"I suspect that a lot of checks that individuals get from folks are situations where the person who wrote the check didn't realize the account was overdrawn," Fox says. "The person who wrote the check might not have realized the order in which the bank cleared the check.

"Both parties involved in the transaction may be disadvantaged by the practices the bank chose to use."

This isn't to excuse people who write bad checks. They should balance their checkbooks or get overdraft protection. But everyone makes a mistake once in a while and banks are making hay of that.

As Fox points out, with all the bank mergers it's becoming increasingly likely that the check writer and the check receiver are using the same bank and that institution is collecting the non-sufficient funds fee from one customer and the DIR fee from another.

All the banks we talked with said they charge the DIR to pay for handling costs.

Fox disputes that.

"These fees run about 10 times what it costs to handle it -- of course they're punitive."

In 1998, the last time Consumer Federation of America examined bounced check fees, the banking industry collected $5.6 billion from consumers in NSF charges and another $1.1 billion in DIR fees.

The victim pays
The average DIR fee was $6.28 at banks, and $7.65 at savings associations, according to data released by the Federal Reserve in 2000.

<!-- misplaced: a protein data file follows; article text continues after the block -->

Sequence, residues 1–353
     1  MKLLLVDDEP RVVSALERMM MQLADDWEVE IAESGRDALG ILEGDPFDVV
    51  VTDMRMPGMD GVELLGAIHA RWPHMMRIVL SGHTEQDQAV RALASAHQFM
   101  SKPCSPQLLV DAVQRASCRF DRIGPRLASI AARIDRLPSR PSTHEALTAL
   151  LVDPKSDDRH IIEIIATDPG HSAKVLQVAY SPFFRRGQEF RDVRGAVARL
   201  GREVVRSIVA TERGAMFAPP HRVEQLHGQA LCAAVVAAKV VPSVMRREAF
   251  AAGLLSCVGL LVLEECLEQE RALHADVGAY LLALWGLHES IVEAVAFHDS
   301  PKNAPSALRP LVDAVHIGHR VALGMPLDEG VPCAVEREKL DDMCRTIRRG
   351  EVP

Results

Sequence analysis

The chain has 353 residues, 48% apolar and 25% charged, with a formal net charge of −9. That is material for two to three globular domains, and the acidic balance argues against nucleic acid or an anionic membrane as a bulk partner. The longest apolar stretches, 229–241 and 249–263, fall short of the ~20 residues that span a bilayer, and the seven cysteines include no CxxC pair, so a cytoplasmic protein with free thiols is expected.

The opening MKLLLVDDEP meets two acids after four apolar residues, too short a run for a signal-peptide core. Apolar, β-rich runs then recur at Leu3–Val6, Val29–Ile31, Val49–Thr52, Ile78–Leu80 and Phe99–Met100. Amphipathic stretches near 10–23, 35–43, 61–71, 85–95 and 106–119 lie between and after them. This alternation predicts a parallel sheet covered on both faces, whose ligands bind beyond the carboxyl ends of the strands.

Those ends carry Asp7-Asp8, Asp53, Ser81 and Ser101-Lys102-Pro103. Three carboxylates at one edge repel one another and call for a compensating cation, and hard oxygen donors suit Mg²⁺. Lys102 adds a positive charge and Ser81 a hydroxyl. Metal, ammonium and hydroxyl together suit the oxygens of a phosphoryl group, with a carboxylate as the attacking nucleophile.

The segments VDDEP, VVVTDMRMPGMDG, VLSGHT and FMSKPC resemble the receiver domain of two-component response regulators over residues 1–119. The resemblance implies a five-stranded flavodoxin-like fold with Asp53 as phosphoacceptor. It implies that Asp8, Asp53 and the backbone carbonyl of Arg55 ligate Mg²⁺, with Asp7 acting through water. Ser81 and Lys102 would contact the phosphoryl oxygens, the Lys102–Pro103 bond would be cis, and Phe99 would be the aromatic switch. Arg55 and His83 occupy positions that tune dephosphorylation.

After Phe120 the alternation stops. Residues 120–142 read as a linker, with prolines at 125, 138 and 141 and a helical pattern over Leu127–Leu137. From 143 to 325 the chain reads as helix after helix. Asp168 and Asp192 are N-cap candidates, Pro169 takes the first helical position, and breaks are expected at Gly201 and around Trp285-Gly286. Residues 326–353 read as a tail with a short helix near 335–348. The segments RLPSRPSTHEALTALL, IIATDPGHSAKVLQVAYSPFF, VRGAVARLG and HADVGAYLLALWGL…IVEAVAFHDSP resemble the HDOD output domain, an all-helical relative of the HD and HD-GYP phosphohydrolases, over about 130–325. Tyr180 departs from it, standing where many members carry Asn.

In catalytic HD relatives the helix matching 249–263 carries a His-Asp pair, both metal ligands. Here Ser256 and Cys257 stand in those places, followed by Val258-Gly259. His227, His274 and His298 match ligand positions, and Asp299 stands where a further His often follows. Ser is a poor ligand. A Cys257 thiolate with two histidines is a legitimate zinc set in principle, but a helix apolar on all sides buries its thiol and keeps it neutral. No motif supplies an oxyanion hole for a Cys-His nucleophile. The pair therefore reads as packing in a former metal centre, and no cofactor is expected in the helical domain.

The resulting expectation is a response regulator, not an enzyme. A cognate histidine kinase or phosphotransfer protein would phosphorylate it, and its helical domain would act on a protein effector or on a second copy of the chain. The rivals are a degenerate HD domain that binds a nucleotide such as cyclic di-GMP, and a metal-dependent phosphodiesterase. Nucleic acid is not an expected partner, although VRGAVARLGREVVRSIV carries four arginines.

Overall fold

Fox says those numbers have only gone up.

Make no mistake; consumer activists don't think banks should be left holding the bag on either side of the scenario. But a fee that charges a possibly innocent person leaves a bad taste.

Representative Anthony Weiner of New York introduced legislation in 1999 to ban DIR fees. The "Fairness to Check Cashers Act" never made it out of committee.

Nevertheless, Weiner continues to believe that imposing a fee on the individual who cashes a bad check is akin to punishing the victim, according to Weiner spokesman Anson Kaye. Kaye says Weiner plans to reintroduce the measure.

If you deposit a bad check and get zapped with a fee, call the bank and ask if the fee can be waived. Every financial institution we talked with said they would work with a customer with whom they have a "good relationship."

In other words, they may give you a break if you don't bounce checks and if you haven't deposited a bad check before, or at least not in a long time.

If your relationship with the bank is less than perfect, you'll have to ask the check bouncer for the fee if you don't want to get stuck with it.

If you accept checks from a lot of people you don't know well, get in the habit of calling the bank before depositing the check.

Also, go beyond the basics when comparison shopping for an account.

Fox says most consumers rarely look past the minimum to open an account and the minimum to avoid monthly fees; but financial institutions have a long list of fees that people never even think of until they incur them.

-- Posted: April 15, 2002

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See Also
Five ways to avoid bouncing a check
Checking account study